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Author Topic: MDMA: Introduction, Effects of the Brain and in Pregnancy  (Read 4621 times)

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MDMA: Introduction, Effects of the Brain and in Pregnancy
« on: July 07, 2019, 11:13:29 AM »
master source:

I love MDMA and encourage only rare / sporadic use such as in therapy and the odd love-in. Chemical love; I used it in the late 80's when it was legal and I'm fine  :P (or am I ?  ::))


3,4-methylenedioxymethamphetamine (MDMA), also known as Molly, Ecstasy, or X, continues to be used by millions of Americans across the country. This illegal drug is often taken for the feelings of well-being, stimulation, and distortions in time and sensory perceptions that it produces.

MDMA first became popular in the all-night party scene (e.g., “raves”),but its use has now spread to a wide range of settings. According to the National Survey on Drug Use and Health, more than 18 million people in the United States have tried MDMA at least once in their lifetime.

MDMA is a synthetic drug that became popular in the 1980s, leading researchers to begin investigating its effects. Their efforts identified a number of potentially serious negative side effects. For example, MDMA can cause a dangerous increase in body temperature that can be fatal in some environments.

MDMA can also stress the heart, increasing heart rate and blood pressure and can damage the kidneys.

Animal studies show that MDMA may also damage specific neurons in the brain,10–12 but research on MDMA’s effects on the human brain is not conclusive at this time.13 However, a number of studies show that long-term, heavy MDMA use is associated with cognitive deficits, including problems with learning and memory.14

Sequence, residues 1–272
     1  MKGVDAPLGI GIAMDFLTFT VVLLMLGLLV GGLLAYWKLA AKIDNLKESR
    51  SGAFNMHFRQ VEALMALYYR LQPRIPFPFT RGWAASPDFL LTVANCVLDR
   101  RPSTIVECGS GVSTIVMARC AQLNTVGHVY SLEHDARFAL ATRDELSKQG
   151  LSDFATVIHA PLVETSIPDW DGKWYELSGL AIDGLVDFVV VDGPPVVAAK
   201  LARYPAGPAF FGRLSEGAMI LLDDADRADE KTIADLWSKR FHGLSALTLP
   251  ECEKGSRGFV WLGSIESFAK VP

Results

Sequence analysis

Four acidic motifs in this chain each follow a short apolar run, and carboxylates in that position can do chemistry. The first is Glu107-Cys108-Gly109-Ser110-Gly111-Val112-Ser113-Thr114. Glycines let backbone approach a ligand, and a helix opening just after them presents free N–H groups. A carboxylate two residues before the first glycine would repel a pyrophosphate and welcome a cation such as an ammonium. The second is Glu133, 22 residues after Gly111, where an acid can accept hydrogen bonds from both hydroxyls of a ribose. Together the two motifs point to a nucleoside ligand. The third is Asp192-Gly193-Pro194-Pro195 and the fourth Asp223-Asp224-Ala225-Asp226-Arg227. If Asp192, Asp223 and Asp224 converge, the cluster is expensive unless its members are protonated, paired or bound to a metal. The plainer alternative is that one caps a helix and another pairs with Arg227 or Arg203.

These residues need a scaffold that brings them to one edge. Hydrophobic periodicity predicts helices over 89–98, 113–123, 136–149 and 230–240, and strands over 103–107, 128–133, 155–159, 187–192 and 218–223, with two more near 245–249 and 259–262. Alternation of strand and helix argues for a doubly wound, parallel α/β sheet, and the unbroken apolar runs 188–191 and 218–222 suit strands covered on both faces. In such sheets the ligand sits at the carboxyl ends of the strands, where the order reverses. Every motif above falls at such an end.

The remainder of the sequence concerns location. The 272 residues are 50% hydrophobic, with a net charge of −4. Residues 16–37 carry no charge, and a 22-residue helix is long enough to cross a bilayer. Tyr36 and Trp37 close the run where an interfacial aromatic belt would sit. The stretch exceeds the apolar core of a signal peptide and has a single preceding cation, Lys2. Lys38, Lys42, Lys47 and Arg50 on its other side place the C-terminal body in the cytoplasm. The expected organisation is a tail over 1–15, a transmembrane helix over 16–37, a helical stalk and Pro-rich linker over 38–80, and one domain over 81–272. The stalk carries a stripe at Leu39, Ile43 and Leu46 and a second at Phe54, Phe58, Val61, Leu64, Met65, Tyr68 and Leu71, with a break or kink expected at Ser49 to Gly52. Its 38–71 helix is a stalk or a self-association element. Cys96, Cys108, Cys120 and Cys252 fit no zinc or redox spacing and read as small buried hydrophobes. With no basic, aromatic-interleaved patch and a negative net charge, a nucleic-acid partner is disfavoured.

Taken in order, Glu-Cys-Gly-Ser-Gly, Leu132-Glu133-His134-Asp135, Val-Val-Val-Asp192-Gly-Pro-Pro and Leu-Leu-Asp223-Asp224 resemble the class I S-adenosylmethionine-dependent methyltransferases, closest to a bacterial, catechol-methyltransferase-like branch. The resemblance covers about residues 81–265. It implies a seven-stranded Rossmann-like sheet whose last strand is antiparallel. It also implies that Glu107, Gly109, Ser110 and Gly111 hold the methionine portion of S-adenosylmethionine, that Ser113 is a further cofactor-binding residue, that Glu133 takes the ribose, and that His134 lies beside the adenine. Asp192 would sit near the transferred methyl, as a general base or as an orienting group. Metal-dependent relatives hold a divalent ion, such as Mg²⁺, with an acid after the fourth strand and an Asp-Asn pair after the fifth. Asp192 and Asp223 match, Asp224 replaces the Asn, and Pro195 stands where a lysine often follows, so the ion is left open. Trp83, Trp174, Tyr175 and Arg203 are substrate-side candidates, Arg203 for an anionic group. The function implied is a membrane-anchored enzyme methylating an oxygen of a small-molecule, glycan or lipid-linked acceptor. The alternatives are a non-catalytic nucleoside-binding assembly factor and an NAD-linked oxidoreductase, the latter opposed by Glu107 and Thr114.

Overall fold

What are MDMA’s effects on the brain ?

MDMA’s Effects on Serotonin, Dopamine and NorepinephrineWiki.

MDMA increases levels of these neurotransmitters within the synapse by enhancing their release from nerve endings and/or inhibiting their reuptake.

MDMA affects the brain by increasing the activity of at least three neurotransmitters (the chemical messengers of brain cells): serotonin, dopamine, and norepinephrine. Like other amphetamines, MDMA enhances release of these neurotransmitters and/or blocks their reuptake, resulting in increased neurotransmitter levels within the synaptic cleft (the space between the neurons at a synapse).

MDMA causes greater release of serotonin and norepinephrine than of dopamine. Serotonin is a neurotransmitter that plays an important role in the regulation of mood, sleep, pain, appetite, and other behaviors.

The excess release of serotonin by MDMA likely causes the mood-elevating effects people experience.

However, by releasing large amounts of serotonin, MDMA causes the brain to become significantly depleted of this important neurotransmitter, contributing to the negative psychological aftereffects that people may experience for several days after taking MDMA.

Reduced Serotonin in Cerebral Cortex Neurons Following Long-term MDMA Exposure

The left panel is brain tissue from a normal monkey. The middle and right panels illustrate the loss of serotonin-containing nerve endings following MDMA exposure.

Research in rodents and primates has shown that moderate to high doses of MDMA, given twice daily for four days, damages nerve cells that contain serotonin.

MDMA-exposed primates showed reduced numbers of serotonergic neurons 7 years later, indicating that some of MDMA’s effect on the brain can be long lasting.

MDMA has additional effects on the serotonin system. For example, 1 to 2 weeks following binge-dosing with MDMA (three or four low doses in one day), rats showed decreased expression of the serotonin transporter, a protein that allows cells to take up and recycle released serotonin. The rats also showed changes in the expression of genes that regulate tryptophan hydroxylase, an enzyme involved in serotonin synthesis.

Low serotonin is associated with poor memory and depressed mood, thus these findings are consistent with studies in humans that have shown that some people who use MDMA regularly experience confusion, depression, anxiety, paranoia, and impairment of memory and attention processes.